Genesus Global Market Report China February 2024

Lyle L. Jones, Director of Sales, China

What’s going on in the China Hog Market.

There is no more important holiday in China than Chinese New Year (February 10th) and Spring Festival. Normally, Chinese consumers stock up on pork for the holidays driving up pig prices and producers enjoy their highest margins. This year something abnormal is happening as Piglets prices have risen for 5 weeks, while live slaughter pigs have declined.

The hog market after Spring Festival can be described as “Hot” and “Cold”. Live slaughter pig prices have fallen after a brief rebound before the holiday. This week, domestic pig prices are declining. On February 23, the price of live pigs was 13.69 yuan/kg, ($0.87/lb.) down 15.2% from 16.15 yuan/kg ($1.03) only one week ago. The national average for the week was 14.4 yuan/kg ($0.91), down 7.7% compared with the average price of 15.6 yuan/kg ($0.99/lb.) before the holiday.

Unlike the live slaughter pigs, weaned pig prices have taken off. During Spring Festival, 15 kg feeder pig prices continued to rise topping 500 yuan/head ($69.45) in regions. Since, Spring Festival the national average price of 7kg weaned pigs rose to 478 yuan/head ($66.39) compared to about 332 yuan/head ($46.11) before the Spring Festival.

Weaned pig and feeder pig prices are a barometer for future slaughter pig prices. The recent rise in piglet prices is indication producers are optimistic about the market recovery in the second half of the year. The pig industry has been looking forward to “rising” for a long time.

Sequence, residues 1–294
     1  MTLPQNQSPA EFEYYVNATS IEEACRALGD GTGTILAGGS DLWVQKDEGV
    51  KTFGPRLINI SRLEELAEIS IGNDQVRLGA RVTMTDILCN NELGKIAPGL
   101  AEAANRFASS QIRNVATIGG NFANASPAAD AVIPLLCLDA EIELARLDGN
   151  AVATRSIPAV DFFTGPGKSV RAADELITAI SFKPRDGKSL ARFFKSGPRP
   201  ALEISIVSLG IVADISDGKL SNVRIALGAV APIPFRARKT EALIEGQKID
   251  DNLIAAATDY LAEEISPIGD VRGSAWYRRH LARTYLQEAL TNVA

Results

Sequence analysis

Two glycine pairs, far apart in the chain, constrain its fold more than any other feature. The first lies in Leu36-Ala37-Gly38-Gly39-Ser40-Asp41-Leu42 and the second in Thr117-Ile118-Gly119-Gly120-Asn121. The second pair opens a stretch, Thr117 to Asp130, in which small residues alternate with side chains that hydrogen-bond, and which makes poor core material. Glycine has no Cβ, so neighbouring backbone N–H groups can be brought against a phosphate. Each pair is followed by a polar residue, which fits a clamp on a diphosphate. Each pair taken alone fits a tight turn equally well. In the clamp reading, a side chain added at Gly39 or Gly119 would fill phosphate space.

Sources tell us there have been widespread reports of disease (ASF and PRRS) outbreaks throughout China and especially in the north during the last quarter of 2023. The supply of piglets in places declined, and the industry’s expectations for the market in the third quarter of 2024 are the catalyst for rising piglet prices. Recently, Shennong Group reported purchasing a total of about 180,000 piglets from December 2023 to January 2024.

Where does the market go from here?

We believe sow liquidation is significantly greater than reported and the recent increased demand for weaned pigs and rising prices supports that belief. Public reports show sow inventory of 41.68 million head, but our sources suggest actual inventories of productive sows may be something much less (official inventory sow slaughter numbers December-December down 2.4 million). We look for prices to stabilize in the near term and return to profitability in the second half of the year.